Tune in this Thursday, September 23, from 6 to 8 p.m. when the US Environmental Protection Agency (EPA) and the WV Department of Environmental Protection (DEP) will provide information and answer questions about ethylene oxide (EtO) air emissions in the Kanawha Valley coming from chemical plants located in Institute and South Charleston.
Ethylene oxide is a potent carcinogen emitted as a flammable, colorless gas by chemical/petrochemical manufacturers and certain sterilizers. This pollutant – combined with all other emitted carcinogens – exposes communities to extremely high cancer risk and other threats. Based on the latest data EPA has published, there are over 100 communities nationwide with unacceptable cancer risk from toxic air emissions, driven primarily by ethylene oxide emissions. The Kanawha Valley makes it into the EPA’s top 10 on this list.
EPA has known about this problem since at least 2018 – when it last released its National Air Toxics Assessment. It is shocking that EPA is only now holding community meetings about facilities that have been causing or contributing to unacceptable health threats for years. It’s time for strong, meaningful EPA action, including stronger rules, and we want to see that start now.
EPA data show that EtO and other toxic air pollution disproportionately threatens communities of color, particularly African American or Black, Hispanic or Latino, and low-income communities. Children face increased vulnerability and risk due to toxic exposure in early life and EPA has underestimated the health risk from EtO pollution by ignoring or undercounting certain threats, particularly increased risk during the prenatal stage. Residents living near and across the Kanawha River from the Institute and South Charleston chemical plants have among the highest risks of cancers of the white blood cells and breast cancer in females. EtO is a mutagen meaning children may be more susceptible.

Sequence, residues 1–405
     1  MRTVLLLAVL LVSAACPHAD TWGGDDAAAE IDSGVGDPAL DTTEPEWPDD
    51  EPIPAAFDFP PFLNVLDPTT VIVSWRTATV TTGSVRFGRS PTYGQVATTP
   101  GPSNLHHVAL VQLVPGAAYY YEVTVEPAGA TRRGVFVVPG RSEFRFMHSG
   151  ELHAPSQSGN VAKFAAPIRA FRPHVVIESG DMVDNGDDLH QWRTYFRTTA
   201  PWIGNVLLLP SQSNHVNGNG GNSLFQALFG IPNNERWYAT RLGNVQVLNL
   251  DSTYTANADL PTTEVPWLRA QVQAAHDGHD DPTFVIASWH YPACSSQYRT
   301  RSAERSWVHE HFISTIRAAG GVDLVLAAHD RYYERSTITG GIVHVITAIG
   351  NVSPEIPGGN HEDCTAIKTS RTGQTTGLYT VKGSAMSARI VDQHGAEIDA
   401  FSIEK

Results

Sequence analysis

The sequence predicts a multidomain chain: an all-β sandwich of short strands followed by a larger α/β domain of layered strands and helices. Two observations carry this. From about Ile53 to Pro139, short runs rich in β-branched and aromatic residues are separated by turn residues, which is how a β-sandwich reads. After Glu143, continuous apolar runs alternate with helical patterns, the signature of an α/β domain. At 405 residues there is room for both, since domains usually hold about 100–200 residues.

Please plan to attend this public meeting to ask questions and find out more about what the EPA plans to do to protect and inform residents of the Kanawha Valley. Questions and talking points are available here.
More information and a link to join the meeting can be found here. The EPA ‘Community Announcement’ about the meeting is here.